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What is a pre-approved car loan

Vidhu Bajaj avatar
Vidhu Bajaj
- 7 min read
What is a pre-approved car loan

Many Aussies set their sights on the car they want to buy before applying for a car loan, but it could be disappointing to find out that a lender won't let you borrow enough to buy the car of your choice. This is where getting pre-approved for a car loan could make a difference. 

What is car loan pre-approval

Car loan pre-approval is a process in which a lender reviews your financial information and agrees, in principle, to lend you a certain sum of money for your car purchase. Applying for pre-approval before finalising your choice of wheels could provide you with a realistic budget to work with. This makes narrowing down your options while shopping easier and prevents overspending.

Further, a pre-approval could enhance your bargaining power when negotiating the car's price with the seller. Sellers often view pre-approved buyers as serious shoppers with pre-determined budgets, and they might be more inclined to provide them with the best possible deals to close the sale successfully.

How does getting pre-approved for a car loan work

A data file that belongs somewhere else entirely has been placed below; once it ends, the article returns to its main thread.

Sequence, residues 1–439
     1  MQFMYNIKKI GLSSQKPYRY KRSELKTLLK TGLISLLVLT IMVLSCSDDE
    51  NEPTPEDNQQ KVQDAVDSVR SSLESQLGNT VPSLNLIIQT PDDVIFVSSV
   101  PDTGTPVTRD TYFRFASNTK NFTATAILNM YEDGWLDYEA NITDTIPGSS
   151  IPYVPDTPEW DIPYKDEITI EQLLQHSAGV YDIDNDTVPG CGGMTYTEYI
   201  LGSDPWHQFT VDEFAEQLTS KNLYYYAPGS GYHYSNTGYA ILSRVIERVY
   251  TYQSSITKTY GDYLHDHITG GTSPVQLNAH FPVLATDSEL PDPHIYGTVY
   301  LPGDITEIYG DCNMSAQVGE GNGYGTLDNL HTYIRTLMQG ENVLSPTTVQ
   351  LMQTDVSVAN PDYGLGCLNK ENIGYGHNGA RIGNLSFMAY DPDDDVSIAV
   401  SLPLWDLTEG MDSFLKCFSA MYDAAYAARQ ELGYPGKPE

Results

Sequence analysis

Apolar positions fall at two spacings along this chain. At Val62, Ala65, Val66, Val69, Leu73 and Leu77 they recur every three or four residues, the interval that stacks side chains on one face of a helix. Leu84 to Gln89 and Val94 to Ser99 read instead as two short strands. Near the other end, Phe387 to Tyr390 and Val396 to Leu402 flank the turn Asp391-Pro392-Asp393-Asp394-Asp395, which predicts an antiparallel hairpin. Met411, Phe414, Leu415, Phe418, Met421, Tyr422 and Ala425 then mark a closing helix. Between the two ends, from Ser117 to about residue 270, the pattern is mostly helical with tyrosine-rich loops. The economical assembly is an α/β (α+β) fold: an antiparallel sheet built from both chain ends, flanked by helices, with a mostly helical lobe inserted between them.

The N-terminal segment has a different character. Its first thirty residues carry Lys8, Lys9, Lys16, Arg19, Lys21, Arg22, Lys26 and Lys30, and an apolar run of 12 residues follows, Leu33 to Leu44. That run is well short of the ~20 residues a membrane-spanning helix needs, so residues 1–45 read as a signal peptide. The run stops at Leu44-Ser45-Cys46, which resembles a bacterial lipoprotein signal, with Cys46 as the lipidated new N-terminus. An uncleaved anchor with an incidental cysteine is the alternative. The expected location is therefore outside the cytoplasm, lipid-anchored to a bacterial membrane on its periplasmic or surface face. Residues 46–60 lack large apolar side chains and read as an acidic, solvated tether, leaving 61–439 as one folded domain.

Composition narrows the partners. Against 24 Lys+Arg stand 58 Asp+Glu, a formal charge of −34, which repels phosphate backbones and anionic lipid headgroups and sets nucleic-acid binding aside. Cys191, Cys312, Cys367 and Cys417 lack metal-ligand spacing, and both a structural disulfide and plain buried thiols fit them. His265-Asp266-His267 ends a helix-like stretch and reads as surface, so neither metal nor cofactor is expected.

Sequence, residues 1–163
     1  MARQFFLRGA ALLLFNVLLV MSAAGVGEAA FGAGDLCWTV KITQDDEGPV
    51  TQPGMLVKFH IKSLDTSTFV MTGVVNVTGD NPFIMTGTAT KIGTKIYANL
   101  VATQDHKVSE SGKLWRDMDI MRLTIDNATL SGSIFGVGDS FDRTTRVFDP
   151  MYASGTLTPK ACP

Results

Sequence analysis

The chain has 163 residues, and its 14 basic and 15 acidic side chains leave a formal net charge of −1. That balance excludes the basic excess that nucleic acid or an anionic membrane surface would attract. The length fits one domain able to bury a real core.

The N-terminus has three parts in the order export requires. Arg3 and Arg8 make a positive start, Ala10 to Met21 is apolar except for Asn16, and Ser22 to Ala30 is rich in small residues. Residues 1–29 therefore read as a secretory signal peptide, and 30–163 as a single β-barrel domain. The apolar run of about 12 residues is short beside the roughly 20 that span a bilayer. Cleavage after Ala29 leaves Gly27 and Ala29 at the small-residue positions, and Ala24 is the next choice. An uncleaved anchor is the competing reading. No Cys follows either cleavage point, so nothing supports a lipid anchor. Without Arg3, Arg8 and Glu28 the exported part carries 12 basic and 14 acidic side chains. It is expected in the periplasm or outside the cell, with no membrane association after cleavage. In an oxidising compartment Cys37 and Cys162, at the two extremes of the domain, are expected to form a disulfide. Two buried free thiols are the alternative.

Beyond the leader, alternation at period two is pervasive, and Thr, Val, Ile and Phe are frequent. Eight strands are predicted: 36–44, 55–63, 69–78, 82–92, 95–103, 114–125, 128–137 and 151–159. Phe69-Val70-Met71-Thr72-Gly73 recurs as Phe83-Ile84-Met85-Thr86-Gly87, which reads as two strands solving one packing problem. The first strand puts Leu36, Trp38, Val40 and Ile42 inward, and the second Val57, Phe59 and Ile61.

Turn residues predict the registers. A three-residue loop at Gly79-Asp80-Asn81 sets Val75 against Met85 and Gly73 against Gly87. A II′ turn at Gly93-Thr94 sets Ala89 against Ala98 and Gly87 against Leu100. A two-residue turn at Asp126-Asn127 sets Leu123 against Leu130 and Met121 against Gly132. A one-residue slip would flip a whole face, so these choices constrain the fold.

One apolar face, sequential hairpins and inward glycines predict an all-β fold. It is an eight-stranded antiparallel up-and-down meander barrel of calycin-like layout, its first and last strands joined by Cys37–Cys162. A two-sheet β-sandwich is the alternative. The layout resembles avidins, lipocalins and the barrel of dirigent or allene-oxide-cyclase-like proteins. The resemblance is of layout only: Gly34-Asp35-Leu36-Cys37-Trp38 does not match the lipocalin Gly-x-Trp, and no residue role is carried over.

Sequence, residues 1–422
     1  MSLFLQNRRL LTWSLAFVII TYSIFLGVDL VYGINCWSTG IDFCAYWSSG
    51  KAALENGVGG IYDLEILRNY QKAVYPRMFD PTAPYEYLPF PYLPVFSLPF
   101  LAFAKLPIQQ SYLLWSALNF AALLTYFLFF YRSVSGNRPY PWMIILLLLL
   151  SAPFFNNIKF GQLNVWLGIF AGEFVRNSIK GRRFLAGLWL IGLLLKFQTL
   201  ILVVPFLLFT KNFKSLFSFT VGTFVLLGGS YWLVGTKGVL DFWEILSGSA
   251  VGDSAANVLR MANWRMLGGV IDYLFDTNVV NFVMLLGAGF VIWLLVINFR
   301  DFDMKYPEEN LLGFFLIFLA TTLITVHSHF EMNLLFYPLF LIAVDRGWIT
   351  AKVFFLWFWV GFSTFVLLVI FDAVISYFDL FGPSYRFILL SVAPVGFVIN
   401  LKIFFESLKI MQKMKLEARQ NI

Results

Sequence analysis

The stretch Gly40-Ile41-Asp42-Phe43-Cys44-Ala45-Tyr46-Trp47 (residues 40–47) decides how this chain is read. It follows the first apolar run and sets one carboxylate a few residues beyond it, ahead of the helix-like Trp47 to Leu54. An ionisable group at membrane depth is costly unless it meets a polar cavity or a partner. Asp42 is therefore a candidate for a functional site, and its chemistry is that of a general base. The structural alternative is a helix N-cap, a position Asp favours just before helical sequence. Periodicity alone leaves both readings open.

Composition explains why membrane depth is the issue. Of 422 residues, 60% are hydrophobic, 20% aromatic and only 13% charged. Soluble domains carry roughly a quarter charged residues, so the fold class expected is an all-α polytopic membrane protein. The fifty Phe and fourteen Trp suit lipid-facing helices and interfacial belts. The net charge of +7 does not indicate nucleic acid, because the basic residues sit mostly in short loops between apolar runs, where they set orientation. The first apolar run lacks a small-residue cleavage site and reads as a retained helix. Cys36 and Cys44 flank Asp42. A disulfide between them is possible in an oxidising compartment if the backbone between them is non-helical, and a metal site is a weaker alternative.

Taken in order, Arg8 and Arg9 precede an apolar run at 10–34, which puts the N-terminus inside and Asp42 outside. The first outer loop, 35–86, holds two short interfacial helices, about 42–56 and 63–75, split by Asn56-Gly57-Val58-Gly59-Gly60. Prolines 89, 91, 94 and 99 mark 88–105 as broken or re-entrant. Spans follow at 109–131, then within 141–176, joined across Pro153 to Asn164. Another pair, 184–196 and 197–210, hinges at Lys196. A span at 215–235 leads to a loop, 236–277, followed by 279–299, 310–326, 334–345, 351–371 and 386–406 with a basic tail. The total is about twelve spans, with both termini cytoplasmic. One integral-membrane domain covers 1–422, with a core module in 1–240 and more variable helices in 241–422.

Getting pre-approved for a car loan involves some of the checks that are conducted before a car loan is completely approved. You'll often need to submit identity documents, as well as bank documents or payslips, to prove you have the income to repay the loan. Also, the lender will most likely do a credit score check. If the lender is satisfied that you are likely to repay the loan, they will offer pre-approval, which is a conditional consent to the loan that is usually valid for a few months.

Once pre-approved, you will need to shortlist a car within the timeframe specified by the lender and apply for the car loan. The lender will check that the selected car meets their lending criteria and also confirm that the information provided for your pre-approval hasn't changed significantly.

For instance, if you are buying a used car with a pre-approved loan, some lenders may insist that it's no older than seven years. Again, if you have lost your job or your business income has shrunk, the lender may require you to explain how you plan to make up for the lost income before approving your car loan.

How to get pre-approved for a car loan?

Depending on the lender you choose, you may be able to apply for a car loan pre-approval online, over the phone, or in person. Irrespective of the method you choose, you'll need to have all the documents and financial information readily available.

Also, it may be useful to do some homework before getting started on the car loan pre-approval process. You can research the type of car you want to buy and estimate its cost and any additional expenses, including stamp duty, registration, and insurance costs. Through this exercise, you'll be able to estimate how much you need to borrow. Keep in mind that you'll have to pay for operating the car as well.